This year, the biosimilar landscape will likely focus on interchangeability as biosimilars manufacturers and other stakeholders seek to reduce costs and increase uptake. This follows the 2018 trend of biosimilar litigation settlements and the attention in 2017 to the information exchanges, also known as the “patent dance,” laid out in the Biologics Price Competition and Innovation Act of 2009.
So why does a biosimilar company want its product deemed interchangeable? The designation allows a pharmacy to substitute the interchangeable biologic product for the reference product without the prescriber’s intervention, just as generic drugs can be substituted for a branded product. Many argue that interchangeability is a key to reducing the prices of biologic treatment because, until now, commercial factors have led to small market share for on-the-market biosimilars.
What might change this year, and how will industry react?
At the J.P. Morgan Healthcare Conference earlier this year, and consistent with the July 2018 Biosimilar Action Plan, FDA Commissioner Scott Gottlieb, MD, signaled that a finalized interchangeability guidance and a structured application for seeking interchangeability would be forthcoming shortly. The hope among biosimilar companies is that the guidance will streamline the regulatory pathway and create well-defined scientific criteria. But even if the first interchangeable product satisfies FDA’s requirements, that could be the beginning of a long and expensive legal road. Reference product manufacturers will likely file citizen petitions challenging the designation and possibly litigate interchangeability with court challenges as well. Competing biosimilars manufacturers may attack one another as well, as the recent filing of Coherus v Amgen—a patent litigation between 2 biosimilar companies over adalimumab—demonstrates (see a summary of the lawsuit here).
Additionally, there will likely be a focus on facilitating faster adoption of interchangeable drugs through automatic substitution requirements, whether instituted by changing government payer plans or enacting new legislation. Existing state law varies in permissiveness toward interchangeable biosimilar substitution (a 50-state survey is available here), including whether substitutions are mandatory.
Background on interchangeability and its importance
In order for a biological product to be approved as a biosimilar of a reference product, it must be highly similar and have no clinically meaningful differences from a reference product—ie, it must be structurally similar and be as safe and effective as the reference biologic drug. The drug can still have minor differences in clinically inactive components and still be approved as a biosimilar.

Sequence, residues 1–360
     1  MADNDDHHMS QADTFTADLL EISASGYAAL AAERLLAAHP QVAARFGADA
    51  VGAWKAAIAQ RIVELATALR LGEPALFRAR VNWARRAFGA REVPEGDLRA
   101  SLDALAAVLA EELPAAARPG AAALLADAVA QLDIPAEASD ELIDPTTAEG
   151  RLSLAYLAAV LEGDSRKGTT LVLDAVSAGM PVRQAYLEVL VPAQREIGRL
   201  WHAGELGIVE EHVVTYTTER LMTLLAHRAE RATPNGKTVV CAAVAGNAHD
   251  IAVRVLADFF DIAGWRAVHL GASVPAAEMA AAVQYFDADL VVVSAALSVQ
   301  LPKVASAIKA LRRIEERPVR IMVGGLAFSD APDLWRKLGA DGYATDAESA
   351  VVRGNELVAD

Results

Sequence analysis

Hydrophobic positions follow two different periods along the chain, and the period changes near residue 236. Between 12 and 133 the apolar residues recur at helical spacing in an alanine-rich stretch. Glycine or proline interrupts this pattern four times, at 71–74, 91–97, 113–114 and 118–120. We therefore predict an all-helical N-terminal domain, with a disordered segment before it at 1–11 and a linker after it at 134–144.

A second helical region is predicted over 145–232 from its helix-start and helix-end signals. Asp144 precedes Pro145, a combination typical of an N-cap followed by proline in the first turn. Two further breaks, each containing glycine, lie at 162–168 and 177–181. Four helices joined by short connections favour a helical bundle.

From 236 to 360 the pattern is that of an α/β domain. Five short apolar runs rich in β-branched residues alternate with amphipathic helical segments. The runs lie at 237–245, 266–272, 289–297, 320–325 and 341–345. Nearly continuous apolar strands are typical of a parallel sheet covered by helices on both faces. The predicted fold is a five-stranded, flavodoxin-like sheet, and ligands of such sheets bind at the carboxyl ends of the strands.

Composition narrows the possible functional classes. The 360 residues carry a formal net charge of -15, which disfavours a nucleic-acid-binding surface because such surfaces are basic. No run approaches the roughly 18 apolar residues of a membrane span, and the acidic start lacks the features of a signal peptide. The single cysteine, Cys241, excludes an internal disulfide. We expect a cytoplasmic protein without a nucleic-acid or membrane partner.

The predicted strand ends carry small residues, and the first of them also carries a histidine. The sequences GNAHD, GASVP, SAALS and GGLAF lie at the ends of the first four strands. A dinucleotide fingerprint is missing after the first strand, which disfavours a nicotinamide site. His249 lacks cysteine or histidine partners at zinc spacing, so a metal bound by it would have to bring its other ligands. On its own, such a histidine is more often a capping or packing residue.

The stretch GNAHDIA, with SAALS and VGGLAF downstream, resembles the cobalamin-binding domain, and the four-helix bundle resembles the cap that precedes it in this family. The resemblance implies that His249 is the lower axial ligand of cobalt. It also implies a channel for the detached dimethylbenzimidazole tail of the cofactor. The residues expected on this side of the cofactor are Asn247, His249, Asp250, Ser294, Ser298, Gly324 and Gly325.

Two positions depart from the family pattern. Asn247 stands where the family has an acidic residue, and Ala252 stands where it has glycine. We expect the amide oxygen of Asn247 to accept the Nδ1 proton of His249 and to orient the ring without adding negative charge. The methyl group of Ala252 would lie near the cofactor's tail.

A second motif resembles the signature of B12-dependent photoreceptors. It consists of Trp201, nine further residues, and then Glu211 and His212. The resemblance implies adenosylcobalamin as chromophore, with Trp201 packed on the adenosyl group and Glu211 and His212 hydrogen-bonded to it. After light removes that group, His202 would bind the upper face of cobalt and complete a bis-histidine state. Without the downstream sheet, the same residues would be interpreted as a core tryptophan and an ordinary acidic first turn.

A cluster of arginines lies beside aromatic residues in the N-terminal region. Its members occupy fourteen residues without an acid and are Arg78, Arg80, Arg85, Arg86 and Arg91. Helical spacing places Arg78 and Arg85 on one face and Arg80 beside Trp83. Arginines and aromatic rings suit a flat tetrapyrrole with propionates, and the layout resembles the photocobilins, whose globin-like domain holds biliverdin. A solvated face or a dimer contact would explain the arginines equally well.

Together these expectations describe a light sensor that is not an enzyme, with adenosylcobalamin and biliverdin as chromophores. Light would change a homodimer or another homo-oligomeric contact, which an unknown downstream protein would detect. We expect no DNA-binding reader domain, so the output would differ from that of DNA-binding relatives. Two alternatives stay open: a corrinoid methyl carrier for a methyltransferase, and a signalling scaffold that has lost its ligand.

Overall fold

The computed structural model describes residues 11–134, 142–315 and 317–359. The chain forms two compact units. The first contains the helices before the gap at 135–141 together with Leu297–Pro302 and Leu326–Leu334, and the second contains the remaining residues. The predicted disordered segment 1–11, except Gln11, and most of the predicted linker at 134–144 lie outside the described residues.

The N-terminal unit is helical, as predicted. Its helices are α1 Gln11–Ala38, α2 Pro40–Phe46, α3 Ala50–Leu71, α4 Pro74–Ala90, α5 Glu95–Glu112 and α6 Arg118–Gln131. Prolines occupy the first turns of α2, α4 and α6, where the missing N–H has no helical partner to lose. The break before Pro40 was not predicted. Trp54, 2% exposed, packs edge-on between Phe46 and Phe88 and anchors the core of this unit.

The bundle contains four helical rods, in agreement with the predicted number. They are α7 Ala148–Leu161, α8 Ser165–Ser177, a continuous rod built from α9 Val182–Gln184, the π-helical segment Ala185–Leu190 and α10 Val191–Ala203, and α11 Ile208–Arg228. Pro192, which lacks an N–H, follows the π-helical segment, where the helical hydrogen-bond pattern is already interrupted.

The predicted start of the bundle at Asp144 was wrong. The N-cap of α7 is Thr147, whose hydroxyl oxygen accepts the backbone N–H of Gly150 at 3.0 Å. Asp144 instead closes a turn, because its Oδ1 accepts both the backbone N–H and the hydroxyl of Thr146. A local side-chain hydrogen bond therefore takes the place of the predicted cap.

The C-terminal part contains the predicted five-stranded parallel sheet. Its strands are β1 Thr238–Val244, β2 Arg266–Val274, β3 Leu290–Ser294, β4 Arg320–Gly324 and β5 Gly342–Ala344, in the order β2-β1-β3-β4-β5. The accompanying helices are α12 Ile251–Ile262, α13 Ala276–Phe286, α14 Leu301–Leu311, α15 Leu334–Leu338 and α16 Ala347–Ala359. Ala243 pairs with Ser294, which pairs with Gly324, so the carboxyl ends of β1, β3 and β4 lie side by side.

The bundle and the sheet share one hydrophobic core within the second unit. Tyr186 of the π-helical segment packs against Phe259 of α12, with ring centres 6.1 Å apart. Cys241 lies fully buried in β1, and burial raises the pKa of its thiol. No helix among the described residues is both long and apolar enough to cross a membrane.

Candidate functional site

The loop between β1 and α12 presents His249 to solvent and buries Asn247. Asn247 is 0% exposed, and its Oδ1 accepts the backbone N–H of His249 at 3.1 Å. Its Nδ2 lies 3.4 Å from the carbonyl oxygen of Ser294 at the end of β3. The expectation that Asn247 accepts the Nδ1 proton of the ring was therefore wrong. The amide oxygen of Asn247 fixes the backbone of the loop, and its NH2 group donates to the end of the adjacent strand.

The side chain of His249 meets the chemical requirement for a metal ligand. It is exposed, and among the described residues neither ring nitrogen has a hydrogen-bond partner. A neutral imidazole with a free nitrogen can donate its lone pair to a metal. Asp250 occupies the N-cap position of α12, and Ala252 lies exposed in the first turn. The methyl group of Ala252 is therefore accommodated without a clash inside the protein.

The standard of evidence for an interchangeable product is higher. All the conditions of biosimilarity apply, but an interchangeable biosimilar product must also be shown to “produce the same clinical result as the reference product in any given patient.” Additionally, a biologic drug that requires multiple administrations for treatment can be deemed interchangeable only if the data show that there is no increased safety risk or decreased efficacy from switching between the reference biologic and the biosimilar product.
To produce this data, biosimilar applicants must spend significant resources to conduct clinical trials to satisfy these requirements (for example, Boehringer Ingelheim's interchangeability study comparing BI 695501, Cyltezo, to Humira). By contrast, in the European Union, there is general agreement that switching studies are unnecessary to guarantee safety, and that real-world experience has not shown a high risk of adverse events (see further context about the EU perspective here).
That comfort relies in part on NOR-SWITCH, a Norwegian government-sponsored switching study comparing CT-P13 (Inflectra, Remsima) with Remicade, which found that switching to biosimilar infliximab rather than continuing Remicade had no negative impact on patients’ treatment.
The FDA, at least to date, has not yet provided certainty about how to show interchangeability. Though the agency released a draft guidance in January 2017, the guidance still has not been finalized, to the dismay of insurers, medical providers, and biosimilar industry groups who authored an August 23, 2018 letter to the FDA on the matter. And because no biosimilar products approved for marketing have yet been designated as interchangeable, biosimilar companies looking to establish interchangeability do not have a model to replicate.
It will be interesting to see whether the FDA’s prediction of the marketing of an interchangeable biosimilar in 2019 will hold, and if so, what additional legal challenges await.